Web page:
In “The Leap,” what does the narrator suggest is the main reason that her mother, now blind from cataracts, can still safely negotiate her New Hampshire home?

In “The Leap,” the narrator's mother has no difficulty negotiating her home, even though she is blind, because of her years as a trapeze artist. Her experiences with the Flying Avalons, who performed part of their routine blindfolded, has heightened her senses and her balance.

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In “The Leap” by Louise Erdrich, the narrator's mother is blind due to cataracts, but she can walk through her home without ever knocking things over, bumping into doors, or losing her balance. She has, the narrator says, “a catlike precision” in her movement, and she thinks this is because of her mother's “early training.”

The narrator's mother was once one half of the Flying Avalons, a trapeze team. With her first husband, the narrator's mother used to perform fantastic stunts high in the air, and part of their routine was actually accomplished blindfolded.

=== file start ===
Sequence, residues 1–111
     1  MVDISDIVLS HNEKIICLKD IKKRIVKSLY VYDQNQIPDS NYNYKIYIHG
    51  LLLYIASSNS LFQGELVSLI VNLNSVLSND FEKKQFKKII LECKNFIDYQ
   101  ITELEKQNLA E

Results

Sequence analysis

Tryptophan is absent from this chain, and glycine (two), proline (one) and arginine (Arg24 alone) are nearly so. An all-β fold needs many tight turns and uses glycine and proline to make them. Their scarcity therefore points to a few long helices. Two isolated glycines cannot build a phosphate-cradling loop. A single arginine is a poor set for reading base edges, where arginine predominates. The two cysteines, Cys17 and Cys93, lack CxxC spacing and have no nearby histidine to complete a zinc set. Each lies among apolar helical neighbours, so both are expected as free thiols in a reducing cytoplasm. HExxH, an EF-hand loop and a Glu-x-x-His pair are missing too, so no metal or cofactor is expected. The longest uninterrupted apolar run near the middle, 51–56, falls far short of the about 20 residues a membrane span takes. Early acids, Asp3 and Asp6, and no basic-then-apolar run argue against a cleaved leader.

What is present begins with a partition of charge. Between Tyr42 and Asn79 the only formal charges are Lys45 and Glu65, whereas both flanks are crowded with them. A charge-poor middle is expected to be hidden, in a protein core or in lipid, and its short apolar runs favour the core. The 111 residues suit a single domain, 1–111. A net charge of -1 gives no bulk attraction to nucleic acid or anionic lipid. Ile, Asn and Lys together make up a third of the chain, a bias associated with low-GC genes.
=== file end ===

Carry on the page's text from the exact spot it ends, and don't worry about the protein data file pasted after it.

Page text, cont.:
This experience taught the narrator's mother outstanding balance and control over her body. It also provided her with the ability to use all her senses, not just her sight. Imagine flying through the air blindfolded, seeking one's partner only by the sound of their voice, the motion of air currents, and the touch of their hand. This is what the narrator's mother once did. She learned to apply all her senses and to take control over her body's reaction to her environment.

This is why the narrator's mother can walk through her house with no problems. She can sense her environment well. She does not need to see to know where things are, and her years on the trapeze have given her excellent balance in all circumstances, even blind.

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